Prescription Killers

Jane Boyd, Newspaper EIC

A local teen crushes up OxyContin and inhales it during a house party, a dose that normally takes 12 hours to run through the body, hits all at once leaving the teenager in an euphoric high.

Prescription drug abuse is on the rise for teens due to chasing highs, staying ahead, and self-medication. The National Institute on Drug Abuse categorized the top five reasons teens take prescription drugs not prescribed to them: to fit in, to feel good, to feel better, to do better, to experiment.

The three most commonly abused substances are opioids, depressants, and stimulants. They are often referred to by their ‘street’ names – happy pills, downers, and speed. Some of the abuse of these drugs comes from individuals trying to self-medicate with prescription drugs.

Those who need to calm down might use Xanax for the drugs original purpose, but due to the chemical interaction of the drug, each prescription is based off each person’s specific needs, tolerance, and that person’s neurochemistry. Even taking a drug for its intended use, without the prescription being written to the person taking it, is considered misuse.

Due to false information teens have a false sense of safety. The Foundation for a Drug Free World found “50 percent of  teens believe that prescription drugs are significantly safer than street drugs.” This common belief is leading to the widespread increase of prescription drug abuse.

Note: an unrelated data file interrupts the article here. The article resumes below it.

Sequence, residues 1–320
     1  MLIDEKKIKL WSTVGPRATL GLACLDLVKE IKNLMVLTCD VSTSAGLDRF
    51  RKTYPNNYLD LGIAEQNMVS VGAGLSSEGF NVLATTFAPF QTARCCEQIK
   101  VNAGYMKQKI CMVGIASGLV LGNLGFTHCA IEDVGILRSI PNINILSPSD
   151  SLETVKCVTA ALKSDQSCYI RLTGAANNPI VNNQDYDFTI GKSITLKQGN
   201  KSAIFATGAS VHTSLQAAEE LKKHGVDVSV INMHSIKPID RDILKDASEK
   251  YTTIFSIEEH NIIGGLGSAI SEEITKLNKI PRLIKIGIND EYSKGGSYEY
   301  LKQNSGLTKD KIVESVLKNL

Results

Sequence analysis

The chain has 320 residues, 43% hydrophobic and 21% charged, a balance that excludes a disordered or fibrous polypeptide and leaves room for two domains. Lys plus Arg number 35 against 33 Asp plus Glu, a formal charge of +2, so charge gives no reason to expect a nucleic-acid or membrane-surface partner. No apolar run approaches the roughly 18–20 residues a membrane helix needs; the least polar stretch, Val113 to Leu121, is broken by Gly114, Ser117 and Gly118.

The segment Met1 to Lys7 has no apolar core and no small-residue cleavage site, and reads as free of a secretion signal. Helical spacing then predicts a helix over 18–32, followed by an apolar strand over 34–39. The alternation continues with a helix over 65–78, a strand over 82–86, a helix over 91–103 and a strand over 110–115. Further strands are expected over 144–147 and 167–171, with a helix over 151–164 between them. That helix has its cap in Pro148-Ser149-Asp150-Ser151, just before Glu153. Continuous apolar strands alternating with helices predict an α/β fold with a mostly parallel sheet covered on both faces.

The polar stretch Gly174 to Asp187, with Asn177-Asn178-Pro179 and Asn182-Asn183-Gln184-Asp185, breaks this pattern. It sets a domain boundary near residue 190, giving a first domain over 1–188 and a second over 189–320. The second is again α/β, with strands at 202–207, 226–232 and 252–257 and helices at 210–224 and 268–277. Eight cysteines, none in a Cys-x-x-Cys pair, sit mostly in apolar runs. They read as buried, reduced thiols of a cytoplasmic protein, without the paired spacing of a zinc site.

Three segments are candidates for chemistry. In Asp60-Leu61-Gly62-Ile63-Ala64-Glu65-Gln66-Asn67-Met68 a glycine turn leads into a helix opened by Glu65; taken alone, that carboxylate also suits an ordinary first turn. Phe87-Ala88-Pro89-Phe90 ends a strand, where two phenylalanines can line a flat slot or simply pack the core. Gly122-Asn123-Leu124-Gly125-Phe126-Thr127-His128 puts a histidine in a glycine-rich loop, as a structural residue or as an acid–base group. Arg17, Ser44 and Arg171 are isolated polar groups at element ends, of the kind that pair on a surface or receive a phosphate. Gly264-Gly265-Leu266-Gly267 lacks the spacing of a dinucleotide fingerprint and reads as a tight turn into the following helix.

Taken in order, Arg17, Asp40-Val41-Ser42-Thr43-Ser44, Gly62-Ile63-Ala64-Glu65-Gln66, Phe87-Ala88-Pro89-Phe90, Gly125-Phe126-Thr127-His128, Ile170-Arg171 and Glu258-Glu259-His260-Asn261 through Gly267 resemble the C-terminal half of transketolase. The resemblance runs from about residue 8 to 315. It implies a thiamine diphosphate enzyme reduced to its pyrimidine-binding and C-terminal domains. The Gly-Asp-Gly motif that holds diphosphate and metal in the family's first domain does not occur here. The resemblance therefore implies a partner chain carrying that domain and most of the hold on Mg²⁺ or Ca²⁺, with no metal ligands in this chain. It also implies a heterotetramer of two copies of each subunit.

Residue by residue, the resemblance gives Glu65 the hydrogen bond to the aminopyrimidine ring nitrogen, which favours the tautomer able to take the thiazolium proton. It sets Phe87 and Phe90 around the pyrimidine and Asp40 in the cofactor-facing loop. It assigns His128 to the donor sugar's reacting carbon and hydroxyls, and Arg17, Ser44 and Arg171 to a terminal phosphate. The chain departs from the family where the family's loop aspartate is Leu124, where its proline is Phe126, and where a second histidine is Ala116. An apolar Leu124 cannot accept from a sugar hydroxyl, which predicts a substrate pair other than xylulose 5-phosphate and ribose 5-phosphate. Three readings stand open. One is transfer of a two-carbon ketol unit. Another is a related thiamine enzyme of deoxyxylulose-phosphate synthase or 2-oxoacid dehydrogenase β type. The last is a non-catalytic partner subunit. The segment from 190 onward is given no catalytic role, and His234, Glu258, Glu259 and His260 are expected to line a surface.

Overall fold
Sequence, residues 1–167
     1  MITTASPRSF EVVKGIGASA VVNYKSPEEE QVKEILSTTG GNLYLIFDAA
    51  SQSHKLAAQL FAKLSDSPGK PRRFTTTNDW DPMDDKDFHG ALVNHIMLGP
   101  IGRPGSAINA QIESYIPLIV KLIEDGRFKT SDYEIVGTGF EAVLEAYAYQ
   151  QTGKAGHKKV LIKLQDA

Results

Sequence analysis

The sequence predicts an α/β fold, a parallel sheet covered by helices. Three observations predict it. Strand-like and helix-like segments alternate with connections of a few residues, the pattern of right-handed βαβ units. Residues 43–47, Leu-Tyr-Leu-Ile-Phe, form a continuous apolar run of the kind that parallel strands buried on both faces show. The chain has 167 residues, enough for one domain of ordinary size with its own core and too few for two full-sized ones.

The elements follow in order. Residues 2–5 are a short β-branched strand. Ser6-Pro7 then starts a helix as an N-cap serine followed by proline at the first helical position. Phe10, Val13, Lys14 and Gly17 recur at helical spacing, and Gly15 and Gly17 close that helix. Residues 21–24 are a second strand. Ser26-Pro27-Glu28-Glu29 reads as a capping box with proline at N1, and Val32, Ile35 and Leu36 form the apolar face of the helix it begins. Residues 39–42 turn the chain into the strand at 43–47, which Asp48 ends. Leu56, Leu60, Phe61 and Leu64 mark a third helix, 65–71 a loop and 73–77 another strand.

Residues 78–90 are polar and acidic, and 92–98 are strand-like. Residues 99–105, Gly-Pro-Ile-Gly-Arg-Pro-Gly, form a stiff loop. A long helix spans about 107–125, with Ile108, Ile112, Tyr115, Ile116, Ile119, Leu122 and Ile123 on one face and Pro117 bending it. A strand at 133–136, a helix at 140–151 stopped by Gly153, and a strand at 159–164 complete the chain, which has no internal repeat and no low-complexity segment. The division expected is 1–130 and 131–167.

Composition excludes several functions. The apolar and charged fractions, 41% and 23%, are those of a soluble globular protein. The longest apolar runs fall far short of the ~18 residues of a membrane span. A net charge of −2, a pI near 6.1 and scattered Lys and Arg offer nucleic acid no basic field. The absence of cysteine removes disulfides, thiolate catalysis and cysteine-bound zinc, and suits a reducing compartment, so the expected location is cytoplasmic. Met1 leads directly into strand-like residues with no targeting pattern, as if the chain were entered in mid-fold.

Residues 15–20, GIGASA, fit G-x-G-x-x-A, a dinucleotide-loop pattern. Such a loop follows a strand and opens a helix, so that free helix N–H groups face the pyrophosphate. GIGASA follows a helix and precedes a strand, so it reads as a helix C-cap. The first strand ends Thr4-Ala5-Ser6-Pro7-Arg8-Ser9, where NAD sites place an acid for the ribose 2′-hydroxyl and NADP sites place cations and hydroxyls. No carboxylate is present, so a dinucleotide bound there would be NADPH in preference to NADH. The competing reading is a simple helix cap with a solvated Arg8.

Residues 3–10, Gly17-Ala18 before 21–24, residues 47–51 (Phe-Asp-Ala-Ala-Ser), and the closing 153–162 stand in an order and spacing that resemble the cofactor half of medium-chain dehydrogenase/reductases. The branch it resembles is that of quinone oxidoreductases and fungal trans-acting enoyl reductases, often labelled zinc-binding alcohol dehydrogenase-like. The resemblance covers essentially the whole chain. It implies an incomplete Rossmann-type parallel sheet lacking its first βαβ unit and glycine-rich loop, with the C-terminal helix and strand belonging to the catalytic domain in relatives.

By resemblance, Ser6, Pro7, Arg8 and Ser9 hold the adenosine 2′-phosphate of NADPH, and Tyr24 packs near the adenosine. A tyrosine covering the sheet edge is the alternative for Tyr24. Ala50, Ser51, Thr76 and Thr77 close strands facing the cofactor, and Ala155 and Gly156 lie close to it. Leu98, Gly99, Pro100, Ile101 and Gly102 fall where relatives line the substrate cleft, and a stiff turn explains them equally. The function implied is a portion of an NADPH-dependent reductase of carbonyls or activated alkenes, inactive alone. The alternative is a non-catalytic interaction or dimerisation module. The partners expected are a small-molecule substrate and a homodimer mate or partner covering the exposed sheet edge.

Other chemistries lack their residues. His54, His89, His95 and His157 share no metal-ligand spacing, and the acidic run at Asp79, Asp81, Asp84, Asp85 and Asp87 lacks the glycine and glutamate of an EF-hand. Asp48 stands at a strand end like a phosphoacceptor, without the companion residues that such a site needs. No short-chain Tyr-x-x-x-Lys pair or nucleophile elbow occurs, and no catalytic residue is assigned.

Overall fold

The Foundation for a Drug Free World found “Prescription drug abuse causes the largest percentage of deaths from drug overdosing. Of the 22,400 drug overdose deaths in the US in 2005, opioid painkillers were the most commonly found drug, accounting for 38.2 percent of these deaths.”

Addiction is another common result from prescription drugs. A Castle View senior struggled with an addiction to Morphine for a month and a half during their last term of Sophomore year of high school. This student had gotten the Morphine from “A friend of mine got their hands on a whole bunch. I didn’t ask questions I just knew it said morphine on the bottles” the senior said, “ I would never even tried them in the first place. It wasn’t peer pressure that made me do it, just curiosity. I’d tell my past self that the high wasn’t worth the grades, friendships, and harm to my body it [Morphine] caused.”